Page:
History of Madness – Track 3-4

Professor Keirsey had his lecture course on Madness taped on cassettes in 1982.  This post is the fourth (there was no third)  audio track.  More audio tracks will follow.

Track 1:  The beginning of History of Madness lecture course

He surveys the idea of madness “as far back as we can go”.  At the end of the course, he talks a little about his theory of madness: which he called at the time, “Wholistic Theory of Madness”  based social field theory and Temperament.

Once asked what was the most important thing he wanted people to get from his work, he said:

“I want people to understand that there is no such thing as madness.”

david_keirsey_in_library

Dr. David West Keirsey

Track 3-4:

The revolting Freud.  Madness is defensive.

“These strange antics were seen as functional.  The mad act had a job to do.  It served a purpose. It had an end. It was manufactured by the person to accomplish something.”  …

“This behavior makes sense. … It’s a message.  … The reason is to protect ourselves.” …

“Do we protect ourselves, this consciously, …?  No, It’s all unconscious.”

“People do crazy things to protect themselves.”
— Dr. David West Keirsey

Freud added that defensive behavior was to protect the “libido.”

The steps toward the Wholistic Theory of Madness.

Adler: Defense of Pride (Self-Esteem, Self-Regard).  The start of the social theory of madness.  Kretschmer: Schizophrenic and Cyclothymic.  Sheldon.  Character theory of madness.

Bateson and Haley: Toward a Theory of Schizophrenia.  Social field theory of Madness.

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History of Madness – Track 2

Professor Keirsey had his lecture course on Madness taped in 1982.  This post is the second audio track.  More audio tracks will follow.

Track 1:  The beginning of History of Madness lecture course

He surveys the idea of madness “as far back as we can go”.  At the end of the course, he talks a little about his theory of madness.

Once asked what was the most important thing he wanted people to get from his work, he said:

“I want people to understand that there is no such thing as madness.”

david_keirsey_in_library

Track 2:  Witches and Sorcerers. 17th century the advent of Mesmerism. Somnambulism, 19th century. The belief of illness.  The idea of suggestion.  Hypnotism.  The Classifiers.  Greeklish.  Bad Organs.

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The History of Madness — Track 1

Professor Keirsey had his lecture course on Madness taped in 1982.  This is the first audio track.  More audio tracks will follow.

He surveys the idea of madness “as far back as we can go”.  At the end of the course, he talks a little about his theory of madness.

Once asked what was the most important thing he wanted people to get from his work, he said:

“I want people to understand that there is no such thing as madness.”

david_keirsey_in_library

History of Madness, Track 2

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The Premise

“The history of philosophy is to a great extent that of a certain clash of human temperaments. Undignified as such a treatment may seem to some of my colleagues, I shall have to take account of this clash and explain a good many of the divergences of philosophers by it. Of whatever temperament a professional philosopher is, he tries, when philosophizing, to sink the fact of his temperament. Temperament is no conventionally recognized reason, so he urges impersonal reasons only for his conclusions. Yet his temperament really gives him a stronger bias than any of his more strictly objective premises. It loads the evidence for him one way or the other, making for a more sentimental or hard-hearted view of the universe, just as this fact or that principle would. He trusts his temperament. Wanting a universe that suits it, he believes in any representation of the universe that does suit it. He feels men of opposite temper to be out of key with the world’s character, and in his heart considers them incompetent and ‘not in it,’ in the philosophic business even though they may far excel him in dialectical ability.” — William James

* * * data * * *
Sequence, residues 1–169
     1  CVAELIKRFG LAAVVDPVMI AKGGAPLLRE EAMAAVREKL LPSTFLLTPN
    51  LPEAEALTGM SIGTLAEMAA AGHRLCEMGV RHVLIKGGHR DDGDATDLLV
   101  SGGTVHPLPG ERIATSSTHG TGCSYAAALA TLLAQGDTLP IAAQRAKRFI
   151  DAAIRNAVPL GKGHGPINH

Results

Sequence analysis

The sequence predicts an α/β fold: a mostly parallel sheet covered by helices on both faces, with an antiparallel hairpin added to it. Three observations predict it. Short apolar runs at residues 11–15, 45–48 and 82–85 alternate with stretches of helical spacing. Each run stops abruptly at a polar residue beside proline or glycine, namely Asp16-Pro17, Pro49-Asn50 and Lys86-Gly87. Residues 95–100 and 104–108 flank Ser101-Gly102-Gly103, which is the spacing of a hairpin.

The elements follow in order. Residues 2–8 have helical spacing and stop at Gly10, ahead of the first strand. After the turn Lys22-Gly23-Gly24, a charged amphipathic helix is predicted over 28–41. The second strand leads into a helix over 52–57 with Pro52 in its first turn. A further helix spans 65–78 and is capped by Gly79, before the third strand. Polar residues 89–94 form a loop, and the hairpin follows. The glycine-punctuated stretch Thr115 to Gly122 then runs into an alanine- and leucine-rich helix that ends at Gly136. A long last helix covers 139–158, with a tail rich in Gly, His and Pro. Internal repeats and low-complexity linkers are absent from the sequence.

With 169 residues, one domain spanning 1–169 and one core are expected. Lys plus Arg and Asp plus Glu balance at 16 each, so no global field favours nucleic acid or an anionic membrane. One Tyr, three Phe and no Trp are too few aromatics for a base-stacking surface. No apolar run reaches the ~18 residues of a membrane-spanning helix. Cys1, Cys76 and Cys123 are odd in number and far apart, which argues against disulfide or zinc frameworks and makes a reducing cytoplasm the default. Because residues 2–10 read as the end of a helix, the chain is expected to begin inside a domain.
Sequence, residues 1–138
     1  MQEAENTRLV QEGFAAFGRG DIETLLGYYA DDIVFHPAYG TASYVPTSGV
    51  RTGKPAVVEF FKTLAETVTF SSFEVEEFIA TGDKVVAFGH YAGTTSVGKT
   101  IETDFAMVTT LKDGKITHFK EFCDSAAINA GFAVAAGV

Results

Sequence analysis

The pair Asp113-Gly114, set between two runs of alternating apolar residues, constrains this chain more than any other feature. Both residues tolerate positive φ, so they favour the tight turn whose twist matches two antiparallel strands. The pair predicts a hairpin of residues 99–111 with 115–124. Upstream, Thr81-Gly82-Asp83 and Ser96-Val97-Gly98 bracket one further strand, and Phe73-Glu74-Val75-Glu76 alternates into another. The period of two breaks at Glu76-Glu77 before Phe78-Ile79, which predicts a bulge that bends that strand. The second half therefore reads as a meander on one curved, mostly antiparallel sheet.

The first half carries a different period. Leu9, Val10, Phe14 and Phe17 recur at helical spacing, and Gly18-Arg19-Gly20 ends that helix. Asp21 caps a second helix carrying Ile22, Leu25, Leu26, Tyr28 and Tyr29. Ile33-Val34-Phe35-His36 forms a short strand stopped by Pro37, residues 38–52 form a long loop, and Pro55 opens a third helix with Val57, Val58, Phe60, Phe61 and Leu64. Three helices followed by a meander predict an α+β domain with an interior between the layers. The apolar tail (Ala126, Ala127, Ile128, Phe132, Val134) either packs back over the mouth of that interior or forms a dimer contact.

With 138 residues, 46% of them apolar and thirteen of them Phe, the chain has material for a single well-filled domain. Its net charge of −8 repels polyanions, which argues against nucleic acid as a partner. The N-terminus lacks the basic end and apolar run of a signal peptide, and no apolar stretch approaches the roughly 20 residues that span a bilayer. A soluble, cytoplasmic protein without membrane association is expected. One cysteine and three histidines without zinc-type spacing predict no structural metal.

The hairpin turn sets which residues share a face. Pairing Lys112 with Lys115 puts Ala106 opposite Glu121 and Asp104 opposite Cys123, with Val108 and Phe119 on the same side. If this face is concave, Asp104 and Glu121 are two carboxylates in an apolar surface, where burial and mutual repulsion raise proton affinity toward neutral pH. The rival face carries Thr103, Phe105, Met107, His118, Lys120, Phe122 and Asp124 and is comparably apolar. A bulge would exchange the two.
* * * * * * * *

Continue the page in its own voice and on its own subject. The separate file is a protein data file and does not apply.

Like William James and his colleagues “in the philosophic business,” we “trust our temperament,” and “want a universe that suits it.” But also like his philosophic colleagues, when we interact with our colleagues, we try “to sink the fact” of our temperament. But, alas, and again like James’ colleagues, our temperament gives us “a stronger bias” than our “objective premises.” Yet more, we are prone to look upon those differing from us in being “of opposite temper” as “out of key.”

Though we may prefer to be seen as “objective” by pointing to “this fact or that principle” as our reason for pursuing a particular agenda, our temperament inexorably inclines us toward using particular methods to achieve particular results.

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Rational Maverick

Originally posted on Please Understand Me:

In Memoriam

It is the first anniversary of my father’s death.

david_keirsey_in_libraryProfessor David West Keirsey
(August 31, 1921 – July 30, 2013)

I always imagined that Paradise will be some kind of library — Luis Jorge Borges

I was born into even a better paradise.  My father was wordmeister (a studier of words) and a personologist (a studier of persons), and a book reader: A Rational Maverick.  And I was just like him — well sorta’.  He was born in the 20’s and I was born in the 50’s.  Two ages of innocence:  he after WWI and me after WWII.

He had different upbringing than me, but we were of the same Temperament (Rational), Role (Engineer) and Type (Architect).  A kind of a natural science and engineering type of person: a nerd, in modern argot. I naturally graviated towards being a scholar in quantitative reasoning and the use of words

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The Revolution of Corrective Counseling

[Editor: This is one of the last pieces of my father’s writings]
[Editor: HyperLinks added]
[Pillars of Madness]